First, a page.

Chairperson of the Democratic Nursing Organisation of South Africa (Denosa) William Aphane said no one had asked unions how they felt about what happened at Mamelodi Hospital after the facility made headlines for allegedly abusing an elderly woman.
Mamelodi hospital was thrust into the spotlight last month after Virginia Keppler posted images and videos on her Facebook profile that showed her 76-year-old mother, Martha Marais, tied to the leg of a chair and laying on the floor at the hospital.
Keppler posted along with the images and video: “Nursing staff at the Mamelodi Hospital tied her hands behind her back and to these chairs, forcing her to lay on the cold floor since Tuesday night. Nursing staff ignored her, yet the staff at Eersterust clinic referred her because she needs urgent medical attention. Not even hardened murders, rapists are treated like this. I hope our new minister of health and police will see this as a criminal act and take steps against the staff of this hospital. This is disgraceful and then they wonder why we do not want to go to this ‘killer’ hospital. This must end right here. Disgraceful!!!!!!!!”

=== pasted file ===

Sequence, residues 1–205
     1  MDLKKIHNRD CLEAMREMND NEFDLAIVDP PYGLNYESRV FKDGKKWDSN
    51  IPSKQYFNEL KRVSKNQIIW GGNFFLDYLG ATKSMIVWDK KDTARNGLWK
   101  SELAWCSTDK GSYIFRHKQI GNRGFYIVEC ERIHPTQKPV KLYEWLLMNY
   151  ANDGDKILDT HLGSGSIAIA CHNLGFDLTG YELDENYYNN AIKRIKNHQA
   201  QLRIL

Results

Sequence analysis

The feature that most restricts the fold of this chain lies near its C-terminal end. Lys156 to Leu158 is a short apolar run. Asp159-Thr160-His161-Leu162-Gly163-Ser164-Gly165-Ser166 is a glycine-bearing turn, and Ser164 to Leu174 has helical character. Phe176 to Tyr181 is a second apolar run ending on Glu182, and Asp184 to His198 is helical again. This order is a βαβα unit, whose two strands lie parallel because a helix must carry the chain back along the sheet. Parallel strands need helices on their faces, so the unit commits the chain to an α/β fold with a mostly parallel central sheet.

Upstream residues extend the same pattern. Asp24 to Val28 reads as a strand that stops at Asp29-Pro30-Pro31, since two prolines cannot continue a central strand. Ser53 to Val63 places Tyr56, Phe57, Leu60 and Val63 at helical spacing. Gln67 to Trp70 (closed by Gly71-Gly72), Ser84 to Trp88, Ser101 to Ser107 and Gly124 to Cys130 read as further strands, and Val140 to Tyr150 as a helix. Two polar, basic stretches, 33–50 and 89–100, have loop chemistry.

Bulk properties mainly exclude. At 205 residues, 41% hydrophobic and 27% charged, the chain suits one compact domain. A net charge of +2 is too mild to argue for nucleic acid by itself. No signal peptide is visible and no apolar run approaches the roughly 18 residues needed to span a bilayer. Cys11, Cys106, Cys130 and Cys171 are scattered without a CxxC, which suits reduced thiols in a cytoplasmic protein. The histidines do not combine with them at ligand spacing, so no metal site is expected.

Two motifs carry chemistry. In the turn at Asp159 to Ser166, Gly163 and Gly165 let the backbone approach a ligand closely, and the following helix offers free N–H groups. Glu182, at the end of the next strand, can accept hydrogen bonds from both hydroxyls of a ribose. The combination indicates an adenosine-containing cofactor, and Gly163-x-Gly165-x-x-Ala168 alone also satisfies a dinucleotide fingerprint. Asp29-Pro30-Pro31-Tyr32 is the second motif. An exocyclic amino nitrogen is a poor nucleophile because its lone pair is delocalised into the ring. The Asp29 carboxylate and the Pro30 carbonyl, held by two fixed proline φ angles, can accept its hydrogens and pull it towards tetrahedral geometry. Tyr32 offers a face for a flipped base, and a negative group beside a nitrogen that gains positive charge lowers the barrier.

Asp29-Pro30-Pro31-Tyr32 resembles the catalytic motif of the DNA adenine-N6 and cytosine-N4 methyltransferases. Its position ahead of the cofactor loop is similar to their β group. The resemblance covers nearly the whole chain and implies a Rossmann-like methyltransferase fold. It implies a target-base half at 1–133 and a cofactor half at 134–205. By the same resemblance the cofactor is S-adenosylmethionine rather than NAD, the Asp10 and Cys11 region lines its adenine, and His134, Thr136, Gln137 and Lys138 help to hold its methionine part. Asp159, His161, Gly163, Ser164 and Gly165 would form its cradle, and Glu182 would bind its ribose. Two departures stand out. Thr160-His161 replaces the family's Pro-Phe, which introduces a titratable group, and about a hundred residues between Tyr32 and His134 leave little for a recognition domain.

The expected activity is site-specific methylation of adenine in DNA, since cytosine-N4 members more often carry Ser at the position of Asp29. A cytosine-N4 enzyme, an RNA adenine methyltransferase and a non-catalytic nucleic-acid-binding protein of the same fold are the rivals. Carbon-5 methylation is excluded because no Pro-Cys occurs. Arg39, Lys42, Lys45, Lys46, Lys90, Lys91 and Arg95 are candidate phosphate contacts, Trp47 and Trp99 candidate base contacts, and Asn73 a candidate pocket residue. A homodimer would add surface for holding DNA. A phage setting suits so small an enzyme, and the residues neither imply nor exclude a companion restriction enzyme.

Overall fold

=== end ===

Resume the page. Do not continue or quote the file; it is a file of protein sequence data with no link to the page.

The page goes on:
Various figures and organisations, including the Mamelodi Hospital manager and the Public Servants Association (PSA) expressed their disgust and concern about the matter and condemned the staff that were allegedly involved in carrying this out.
“Since the incident happened‚ no one has come to us as unions to ask how we feel about what has happened‚” said Aphane.
Jones’ visit comes as a result of the SAHRC’s separate investigation into the matter. He was there to “examine a number of factors‚ including infrastructure and human resources‚ and to ascertain whether patients were receiving proper health care”.
“Everyone just goes to management. No union members were interviewed. No nurses were interviewed about this. Management are giving a one-sided story. The workers have no voice on this one‚” added Aphane.
According to Aphane, staff at the facility have since been left demoralised after they were blamed for what they perceived to be other people’s problems.
“There are a lot of faults in the system‚ like infrastructure. What can a nurse do about infrastructure? We don’t have a seclusion room‚ but we get mental patients who need to be secluded and we can’t do that here at casualty,” said Aphane.